I just finished reading Drop City by T. Coraghessan Boyle. More recently, Boyle started going by the moniker T.C. Boyle, which makes sense, because it's pert-near impossible to guess the correct pronunciation of "Coraghessan" from seeing it written. (It's "Cor-AG-hessan, accent on second syllable", by the way1.)
Okay, so thanks, TC, for changing "T. Coraghessan" to "TC" and sparing us all the embarrassment of possibly asking for one of your novels in front of someone who does know how to pronounce "Coraghessan" and getting the pronunciation woefully wrong and looking like a Philistine to this hypothetical and judgmental dilettante bastard. Except also Fuck You, T.C., because your actual name, the one you were born with, is Thomas John Boyle - and I can fucking pronounce every single one of those names without any help from the literary cognoscenti who are just waiting to laugh at my ignorance - but you, when you were 17, decided it would be cool to change "John" to "Coraghessan", which latter I think must be Gaelic for "Dickhead". And then but so over here you admit: "My friends call me 'Tom'."
I take it back; I think "Coraghessan" must be Gaelic for "Mother-fucking Dickhead"2!
But anyroad, Drop City.
Now you're probably thinking those are all girl-asses on that cover, because what kind of sick fuck would put guy-asses on a book cover and expect it to sell to anyone other than closeted "manly" Republicans like Mark Foley and Rush Limbaugh? But the thing of it is I'm pretty sure at least some of those asses are dude-asses because the novel is set in 1970 and is about, in part, this hippie commune called "Drop City" (which, come to think of it, is probably how T. Mother-fucking Dickhead came up with the novel's title - Woohoo! My very first critical/literary insight!) and so since they're hippies, they all have long hair - so the hair is no help in establishing gender. And even though some of the asses depicted on the cover are more shapely than others, that's still no dead give-away as to which are girl-asses because there are dudes in this world who have some pretty shapely asses (me, for instance, but don't you fucking DARE look - or TOUCH - if you're a dude!); and then also all the hippies are lying face down so there's not like, say, a stray tit or hint of labia or (heaven forefend!) a bit of hairy nutsack peeking between any of those ass-cheeks to clue you in to the gender of the body attached to any given ass.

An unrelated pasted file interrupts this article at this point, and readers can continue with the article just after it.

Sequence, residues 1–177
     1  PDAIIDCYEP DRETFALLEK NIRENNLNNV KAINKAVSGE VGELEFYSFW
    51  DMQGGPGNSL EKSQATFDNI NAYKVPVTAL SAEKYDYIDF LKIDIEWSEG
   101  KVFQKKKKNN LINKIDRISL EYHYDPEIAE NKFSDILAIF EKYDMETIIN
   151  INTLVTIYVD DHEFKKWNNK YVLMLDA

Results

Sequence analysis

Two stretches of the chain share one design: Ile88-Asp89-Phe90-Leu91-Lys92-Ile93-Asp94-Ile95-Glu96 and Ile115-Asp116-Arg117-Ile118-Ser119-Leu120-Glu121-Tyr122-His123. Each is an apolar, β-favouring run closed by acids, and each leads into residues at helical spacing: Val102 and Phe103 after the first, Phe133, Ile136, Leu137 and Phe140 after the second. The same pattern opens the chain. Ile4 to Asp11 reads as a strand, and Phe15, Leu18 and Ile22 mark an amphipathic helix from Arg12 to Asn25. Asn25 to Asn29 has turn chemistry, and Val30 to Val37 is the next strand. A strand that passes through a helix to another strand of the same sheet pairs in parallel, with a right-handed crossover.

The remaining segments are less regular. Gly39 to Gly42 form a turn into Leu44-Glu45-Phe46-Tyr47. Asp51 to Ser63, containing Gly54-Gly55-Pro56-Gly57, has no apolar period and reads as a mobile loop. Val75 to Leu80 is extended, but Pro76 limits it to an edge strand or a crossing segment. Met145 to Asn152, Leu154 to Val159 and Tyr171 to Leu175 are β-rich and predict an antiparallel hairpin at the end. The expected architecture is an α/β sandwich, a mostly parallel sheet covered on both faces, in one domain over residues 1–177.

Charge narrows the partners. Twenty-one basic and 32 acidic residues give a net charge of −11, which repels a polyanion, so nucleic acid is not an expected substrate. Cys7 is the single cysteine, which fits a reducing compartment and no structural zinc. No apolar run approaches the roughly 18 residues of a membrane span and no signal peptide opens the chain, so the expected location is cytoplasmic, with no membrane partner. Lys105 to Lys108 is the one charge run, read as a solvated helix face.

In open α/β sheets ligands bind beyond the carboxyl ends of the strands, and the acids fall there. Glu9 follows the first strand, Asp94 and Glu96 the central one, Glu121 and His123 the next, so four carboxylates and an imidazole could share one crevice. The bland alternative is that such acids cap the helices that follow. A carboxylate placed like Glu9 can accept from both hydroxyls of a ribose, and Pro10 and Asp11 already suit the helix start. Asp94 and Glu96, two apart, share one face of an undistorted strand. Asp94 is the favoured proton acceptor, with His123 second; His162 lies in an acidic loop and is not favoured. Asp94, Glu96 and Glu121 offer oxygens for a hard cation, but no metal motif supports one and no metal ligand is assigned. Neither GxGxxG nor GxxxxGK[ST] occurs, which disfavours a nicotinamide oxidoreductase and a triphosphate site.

Which, not to beat a dead horse, here, but ... which is pretty fucked up, because what if you're the type3 that is easily suggestible, the type that gets so overly stimulated by visuals that he ... does things4? And then later it occurs to you5 ... Hey! Was I doing ... um ... that while unwittingly looking at a dude's ass?
That's just wrong on so many levels. (Approximately three.)
But anyway, the book: